Addict Sentenced in Baby’s Death

Times Staff Writer

A 20-year-old Oxnard heroin addict who stood by as her live-in boyfriend tortured and killed a 14-month-old boy was sentenced to six years in state prison Tuesday.

Teresa Rodriguez wept as tearful family members and friends begged Ventura County Superior Court Judge Ken Riley to issue a sentence less severe than the maximum of 12 years in prison.

“Please be lenient on my daughter,” said Christina Rodriguez, also an admitted heroin user. “She has gone through so much trauma already, without being sent to prison.”

Rodriguez pleaded guilty in 2001 to voluntary manslaughter and mayhem in the death of Demitri Robledo, whose mother had left him in her care after being arrested on a drug charge in August 2000.


Rodriguez, who struck a deal with prosecutors, told authorities that her drug-dealer boyfriend, Patrick Santillano, had deliberately beaten, bound and gagged the toddler over several weeks. Santillano, 34, was convicted last month of first-degree murder, child abuse and related charges, and was sentenced March 18 to 34 years to life in state prison.

Rodriguez’s attorney, Willard P. Wiksell, argued in court Tuesday that his client should get three years in state prison. He described Rodriguez as a battered woman, trapped by Santillano’s abuse and unable to escape what was happening to her and Demitri. But once she could do something, Wiksell said, she did.

“She did everything she could to bring about a successful prosecution,” he said. “The result of that was justice in this county.”

Before imposing the sentence, Riley said he was aware that Santillano would not have been prosecuted had Rodriguez not stepped forward to admit what she knew.


But the judge said a six-year sentence takes that help into account while punishing Rodriguez for what he described as a horrific crime. Rodriguez also was ordered to pay $500 to a state restitution fund and undergo drug counseling in prison.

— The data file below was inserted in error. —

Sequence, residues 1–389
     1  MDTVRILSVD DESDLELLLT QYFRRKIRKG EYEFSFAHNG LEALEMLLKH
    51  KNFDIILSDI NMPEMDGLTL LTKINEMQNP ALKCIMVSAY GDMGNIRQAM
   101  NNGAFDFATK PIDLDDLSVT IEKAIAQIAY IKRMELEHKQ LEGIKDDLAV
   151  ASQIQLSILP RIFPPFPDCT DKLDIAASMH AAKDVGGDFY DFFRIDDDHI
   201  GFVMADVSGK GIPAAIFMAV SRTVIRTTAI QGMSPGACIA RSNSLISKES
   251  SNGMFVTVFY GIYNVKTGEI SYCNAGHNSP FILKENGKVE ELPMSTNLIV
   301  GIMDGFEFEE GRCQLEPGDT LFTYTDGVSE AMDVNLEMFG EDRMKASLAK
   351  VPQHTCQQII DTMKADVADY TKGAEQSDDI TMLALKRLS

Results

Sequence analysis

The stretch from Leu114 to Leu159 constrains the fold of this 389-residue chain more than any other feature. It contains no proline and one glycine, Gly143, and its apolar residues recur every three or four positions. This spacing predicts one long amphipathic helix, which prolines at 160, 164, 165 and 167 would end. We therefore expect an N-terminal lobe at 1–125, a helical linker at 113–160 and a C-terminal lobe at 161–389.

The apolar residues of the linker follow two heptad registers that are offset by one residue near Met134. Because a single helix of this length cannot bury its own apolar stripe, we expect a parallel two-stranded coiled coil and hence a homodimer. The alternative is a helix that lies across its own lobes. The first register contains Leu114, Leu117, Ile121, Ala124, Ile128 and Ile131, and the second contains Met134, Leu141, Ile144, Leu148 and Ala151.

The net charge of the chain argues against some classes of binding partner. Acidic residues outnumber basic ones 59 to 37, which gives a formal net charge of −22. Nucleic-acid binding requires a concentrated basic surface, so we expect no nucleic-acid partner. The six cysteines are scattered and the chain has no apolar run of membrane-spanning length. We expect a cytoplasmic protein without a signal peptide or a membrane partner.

“I wish some of the people here today would have been closer to Miss Rodriguez, so that this baby didn’t have to die,” Riley said.

Rodriguez’s sister, Corinna Caudillo, 28, who also testified in court Tuesday, said she plans to be there when Rodriguez gets out of prison.

Because Rodriguez has served 2 1/2 years while the case progressed, that could be as soon as September 2005, said Deputy Dist. Atty. Cheryl Temple, who added that she believed the judge imposed a fair sentence.


Outside of court, the prosecutor talked with one of the jurors in Santillano’s trial who came to observe the sentencing. None of Demitri’s family members were present.

Jurors in the case have said they were deeply affected by the evidence and came to refer to Demitri as “our baby” during deliberations. In fact, they were so moved that they pooled $900 to purchase a gravestone for Demitri’s unmarked burial plot in Oxnard.

“The jurors saw Teresa as the second victim in that household,” Temple said. “But they also held her responsible because she should have stepped in.”